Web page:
Archive for October 24, 2019


Posted in FILM with tags , , , , on October 24, 2019 by dcairns

VICTOR VICTORIA starts great — for a mainstream film to open with two male lovers in bed seems pretty bold for the era — and what IS the era? Early thirties, despite Robert Preston’s bulging walnut of hair, 1981 according to year of production, and that part of the Blake Edwards consciousness which is forever circa 1960, just as rock ‘n’ roll was about to supplant jazz and prevent him from ever being “with it.”

But he’s not without it, either. A very elegant visual gag early on showcases his skill in an almost Lubitschian manner.

Julie Andrews as Victoria is poor, cold and hungry. She passes a restaurant window. Returns to star, haunted by the sight of a fat man eating a bun. We can ever closer, Leone-like ECUs driving the point home. A very fine Edwards critical study by Sam Wasson is actually called Splurch in the Kisser, and this sequence seems to embody that principle.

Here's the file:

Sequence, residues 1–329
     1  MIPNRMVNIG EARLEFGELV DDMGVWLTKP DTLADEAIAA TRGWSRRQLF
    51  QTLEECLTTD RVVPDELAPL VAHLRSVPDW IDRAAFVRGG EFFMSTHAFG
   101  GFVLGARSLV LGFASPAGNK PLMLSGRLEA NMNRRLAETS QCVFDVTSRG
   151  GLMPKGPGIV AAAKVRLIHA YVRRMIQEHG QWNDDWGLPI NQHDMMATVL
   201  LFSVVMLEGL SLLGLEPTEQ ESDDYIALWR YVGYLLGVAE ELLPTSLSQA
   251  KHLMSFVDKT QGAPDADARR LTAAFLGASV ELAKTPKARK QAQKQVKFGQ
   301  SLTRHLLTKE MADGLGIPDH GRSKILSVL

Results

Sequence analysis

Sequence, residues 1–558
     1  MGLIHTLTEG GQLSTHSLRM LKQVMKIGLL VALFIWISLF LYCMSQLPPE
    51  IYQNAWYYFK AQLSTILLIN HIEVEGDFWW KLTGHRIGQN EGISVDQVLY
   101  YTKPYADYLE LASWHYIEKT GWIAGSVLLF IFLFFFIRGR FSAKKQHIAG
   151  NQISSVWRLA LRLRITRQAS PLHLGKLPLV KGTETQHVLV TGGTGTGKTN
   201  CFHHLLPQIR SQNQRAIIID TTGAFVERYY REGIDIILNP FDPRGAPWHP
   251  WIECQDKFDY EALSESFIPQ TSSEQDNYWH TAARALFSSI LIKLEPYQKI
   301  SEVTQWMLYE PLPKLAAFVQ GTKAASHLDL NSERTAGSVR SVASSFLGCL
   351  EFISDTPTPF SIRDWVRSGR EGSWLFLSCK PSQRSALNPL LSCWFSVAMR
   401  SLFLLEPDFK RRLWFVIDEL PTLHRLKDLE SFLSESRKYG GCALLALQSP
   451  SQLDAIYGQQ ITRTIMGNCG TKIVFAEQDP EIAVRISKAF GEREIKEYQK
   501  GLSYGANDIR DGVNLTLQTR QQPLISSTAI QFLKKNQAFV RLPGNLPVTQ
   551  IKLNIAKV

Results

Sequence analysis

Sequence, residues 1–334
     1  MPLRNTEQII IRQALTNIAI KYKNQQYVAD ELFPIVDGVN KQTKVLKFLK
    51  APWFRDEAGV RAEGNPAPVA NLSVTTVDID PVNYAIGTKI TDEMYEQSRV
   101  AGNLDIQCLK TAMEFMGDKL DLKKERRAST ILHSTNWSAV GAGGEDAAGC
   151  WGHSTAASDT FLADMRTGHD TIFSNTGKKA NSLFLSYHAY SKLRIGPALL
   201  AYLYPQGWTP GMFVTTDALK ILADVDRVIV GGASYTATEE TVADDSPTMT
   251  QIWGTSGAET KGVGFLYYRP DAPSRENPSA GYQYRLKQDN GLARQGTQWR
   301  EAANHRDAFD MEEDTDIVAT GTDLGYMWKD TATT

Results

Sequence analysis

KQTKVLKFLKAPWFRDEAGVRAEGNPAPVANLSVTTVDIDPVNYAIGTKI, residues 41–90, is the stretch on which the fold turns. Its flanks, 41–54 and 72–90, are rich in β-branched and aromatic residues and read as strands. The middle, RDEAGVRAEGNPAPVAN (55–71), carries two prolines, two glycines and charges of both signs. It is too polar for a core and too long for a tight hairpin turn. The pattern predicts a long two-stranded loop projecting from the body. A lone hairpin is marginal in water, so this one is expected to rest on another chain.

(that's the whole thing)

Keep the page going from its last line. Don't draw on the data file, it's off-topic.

Orgasmic close shots of Julie Andrews. She can never seem as interested in her co-stars as she is in this bun. In fact, of course, she’s gazing at her reflection in the Panavision lens.

A shift in perspective seems to show that Julie/Victoria has departed. But then random passers-by start reacting to something out of shot, below the window frame.

Julie/Victoria is helped to her feet by the concerned onlookers.

THAT’S the Lubitschian touch — the indirectness. Somehow Edwards knew that it would be funnier to discover the swoon after it had happened. Because if it occurred before our eyes, it would be merely the logical climax of the sequence, however skilfully Andrews performed the collapse. By tricking us into thinking something else has happened, he gives us the element of surprise essential to comedy.

No, I don’t know why surprise is essential to comedy, but it does seem to be. My main theory is that the brain produces laughter as the result of some kind of does-not-compute short-circuiting of logic, and so I guess the surprise is necessary to prevent the brain from putting up some kind of analytical defense.

Maybe Edwards could explain it better but he’s dead so there’s just me.

VICTOR VICTORIA stars Mary Poppins; Jim Rockford; Harold Hill; Miss Scarlet; Mongo; Treebeard; Professor Auguste Balls; and Nosher.